Dog crates have been used by dog owners, breeders, trainers, groomers and veterinarians for a long time. But many pet owners hate the idea of using a crate fearing it to be unfair or harmful to their new dog friend. Are dog crates cruel? or kind?
Most pet owners see the crate as a jail cell. Human beings value their freedom and generally feel safe in open spaces. You assume your dog feels the same way and fear being mean or cruel to your friend. But you are not a DOG. Most dogs are happy to have a safe, secure, den-like environment where they can hide out from the stresses of the unpredictable world, especially when they are alone.
A crate has many advantages for you. In the puppy years, using a crate generally shortens the time it takes to train a puppy to be housebroken and limits the accidents to an area that can be relatively easily cleaned. In the young dog, the crate protects your house from destruction and protects the dog from ingesting problematic items or chewing electric cords. Crates keep your dog out from underfoot during hectic times like parties, meals, workmen, big projects or a visitor that is dog fearful. A traveling with a crate trained dog means his "home" comes with him, so he can feel safer in the car, hotel or home of a friend or relative.
A crate also has many advantages for your dog. They have their own room to retreat to when tired, ill, or stressed. The dog generally trains easier and has a better relationship with you because they are not concerned that on your return home you will be unhappy with him because of behavior expressed while you are away. While in a crate, they are generally still able to feel part of the group because they are not restricted to a basement or garage. They get to travel more, being taken on more trips and outings because they can be safely controlled in new environments. While you want to enjoy your pet and be pleased with his behavior there is almost nothing else your dog wants to do than please you. A crate helps make that relationship much easier to establish between the two of you.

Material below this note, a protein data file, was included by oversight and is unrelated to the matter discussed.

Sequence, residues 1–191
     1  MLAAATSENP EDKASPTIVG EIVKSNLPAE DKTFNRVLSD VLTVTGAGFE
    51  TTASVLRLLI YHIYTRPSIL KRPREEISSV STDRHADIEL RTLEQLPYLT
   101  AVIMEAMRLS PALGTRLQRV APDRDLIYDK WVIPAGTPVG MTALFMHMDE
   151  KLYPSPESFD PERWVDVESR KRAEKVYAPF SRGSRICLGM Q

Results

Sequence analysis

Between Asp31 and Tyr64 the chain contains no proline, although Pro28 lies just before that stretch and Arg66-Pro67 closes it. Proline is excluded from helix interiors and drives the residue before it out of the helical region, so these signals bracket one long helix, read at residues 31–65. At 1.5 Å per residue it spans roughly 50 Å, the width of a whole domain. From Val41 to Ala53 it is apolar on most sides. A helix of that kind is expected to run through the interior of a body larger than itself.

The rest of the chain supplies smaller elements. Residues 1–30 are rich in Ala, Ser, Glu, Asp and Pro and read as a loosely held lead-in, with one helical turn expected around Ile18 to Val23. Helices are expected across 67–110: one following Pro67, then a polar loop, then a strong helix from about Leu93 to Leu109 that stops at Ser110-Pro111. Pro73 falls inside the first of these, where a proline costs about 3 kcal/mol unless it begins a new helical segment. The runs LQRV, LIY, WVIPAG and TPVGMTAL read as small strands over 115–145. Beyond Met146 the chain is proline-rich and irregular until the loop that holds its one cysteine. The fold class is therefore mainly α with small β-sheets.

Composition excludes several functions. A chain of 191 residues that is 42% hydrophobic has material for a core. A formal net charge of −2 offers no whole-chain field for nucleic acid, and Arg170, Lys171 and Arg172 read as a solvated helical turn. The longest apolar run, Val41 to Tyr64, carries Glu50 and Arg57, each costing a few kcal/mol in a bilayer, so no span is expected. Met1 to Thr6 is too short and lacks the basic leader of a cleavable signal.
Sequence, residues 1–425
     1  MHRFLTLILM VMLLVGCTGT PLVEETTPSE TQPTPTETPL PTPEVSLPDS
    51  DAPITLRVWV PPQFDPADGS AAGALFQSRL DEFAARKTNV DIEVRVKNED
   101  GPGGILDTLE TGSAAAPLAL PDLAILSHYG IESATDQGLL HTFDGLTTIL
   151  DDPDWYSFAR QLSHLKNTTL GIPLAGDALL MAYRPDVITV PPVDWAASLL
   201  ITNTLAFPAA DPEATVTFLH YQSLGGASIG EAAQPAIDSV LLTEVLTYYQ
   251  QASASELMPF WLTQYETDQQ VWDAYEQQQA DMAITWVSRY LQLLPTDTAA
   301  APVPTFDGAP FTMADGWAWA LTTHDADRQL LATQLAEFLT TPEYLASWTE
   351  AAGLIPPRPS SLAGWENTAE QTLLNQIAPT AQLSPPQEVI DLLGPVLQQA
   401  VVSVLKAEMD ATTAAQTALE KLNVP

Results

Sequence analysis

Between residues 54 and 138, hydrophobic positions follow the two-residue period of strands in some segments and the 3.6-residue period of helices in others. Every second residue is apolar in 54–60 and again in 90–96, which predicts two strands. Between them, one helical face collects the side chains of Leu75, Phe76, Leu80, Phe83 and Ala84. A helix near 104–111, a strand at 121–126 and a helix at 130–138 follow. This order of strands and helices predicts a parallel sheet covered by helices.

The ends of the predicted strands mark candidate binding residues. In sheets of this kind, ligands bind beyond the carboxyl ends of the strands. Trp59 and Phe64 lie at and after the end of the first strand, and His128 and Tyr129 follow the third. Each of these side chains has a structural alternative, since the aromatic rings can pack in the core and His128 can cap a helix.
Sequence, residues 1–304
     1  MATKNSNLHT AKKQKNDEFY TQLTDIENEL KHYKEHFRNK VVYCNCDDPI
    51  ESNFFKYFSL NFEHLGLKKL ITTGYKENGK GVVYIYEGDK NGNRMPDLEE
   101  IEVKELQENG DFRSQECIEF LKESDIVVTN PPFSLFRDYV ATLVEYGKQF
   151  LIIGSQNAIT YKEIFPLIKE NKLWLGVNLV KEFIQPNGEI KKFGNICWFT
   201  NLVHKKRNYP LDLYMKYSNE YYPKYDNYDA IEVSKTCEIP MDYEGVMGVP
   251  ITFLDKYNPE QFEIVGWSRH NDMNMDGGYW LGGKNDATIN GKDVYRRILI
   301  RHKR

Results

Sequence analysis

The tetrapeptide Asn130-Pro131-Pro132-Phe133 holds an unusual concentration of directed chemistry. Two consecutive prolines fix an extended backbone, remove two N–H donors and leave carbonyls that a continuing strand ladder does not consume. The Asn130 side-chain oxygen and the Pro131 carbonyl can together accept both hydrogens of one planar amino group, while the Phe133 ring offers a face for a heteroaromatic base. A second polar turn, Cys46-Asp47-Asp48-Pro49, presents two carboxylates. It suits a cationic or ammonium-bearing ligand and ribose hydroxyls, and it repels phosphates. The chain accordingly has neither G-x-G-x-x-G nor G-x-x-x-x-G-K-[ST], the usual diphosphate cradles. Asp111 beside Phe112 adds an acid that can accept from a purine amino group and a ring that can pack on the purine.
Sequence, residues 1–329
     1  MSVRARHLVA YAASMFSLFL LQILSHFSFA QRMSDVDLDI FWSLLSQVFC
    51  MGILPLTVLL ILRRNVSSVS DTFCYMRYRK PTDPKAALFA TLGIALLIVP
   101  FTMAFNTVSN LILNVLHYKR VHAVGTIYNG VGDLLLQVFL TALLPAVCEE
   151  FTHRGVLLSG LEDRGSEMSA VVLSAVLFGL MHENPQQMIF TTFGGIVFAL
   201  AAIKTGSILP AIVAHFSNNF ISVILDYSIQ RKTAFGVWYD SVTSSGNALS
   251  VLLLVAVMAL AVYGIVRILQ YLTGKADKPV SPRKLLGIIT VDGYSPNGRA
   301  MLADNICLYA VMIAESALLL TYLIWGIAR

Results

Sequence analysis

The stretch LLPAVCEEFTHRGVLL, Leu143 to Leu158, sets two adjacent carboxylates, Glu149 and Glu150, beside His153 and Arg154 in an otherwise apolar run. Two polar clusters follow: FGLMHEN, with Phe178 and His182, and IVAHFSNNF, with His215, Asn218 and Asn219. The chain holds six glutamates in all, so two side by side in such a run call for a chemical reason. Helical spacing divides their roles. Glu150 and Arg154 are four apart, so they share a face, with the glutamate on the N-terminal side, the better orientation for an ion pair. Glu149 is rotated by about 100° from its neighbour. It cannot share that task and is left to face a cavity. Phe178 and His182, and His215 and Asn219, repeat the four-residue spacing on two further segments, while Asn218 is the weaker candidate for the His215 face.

BUT, don't abuse the crate! You got the dog and the crate to build a relationship! Puppies cannot be crated for hours on end, and should only be left for blocks of time that you know the puppy can successfully hold the urine or stool. Any grown dog left in a crate for the working day, MUST BE WELL EXERCISED, both before and after the work day with lots of personal attention and freedom in the morning and evening before and after work. The crate must be large enough that the dog can lie down, stand up and turn around in the crate. Remember, crating a dog for the majority of it's lifetime is little different than tying it to a tree outside. And underexercised dogs, whether using a crate or not, are destructive dogs.
Crate choices come down to collapsible wire mesh crates (variety of sizes available, lightweight, portable, good ventilation, allow the dog to still be part of the local action), plastic airline crates (cheap, lightweight, portable, more restrictive of vision so dog feels more hidden- good for the shy, anxious or fearful dog), or home built. The crate should be in a people area, so the dog can be confined without being banished. While the crate is not a beautiful piece of decor, it does help protect the areas that still are!
Remember, crates do not work for EVERY dog. If properly introduced with gentle leadership and positive conditioning, most dogs come to love their crate. But for frantic or miserable dogs, especially those that attempt to chew their way out, forcing them to use the crate is inhumane AND will be unsuccesful.
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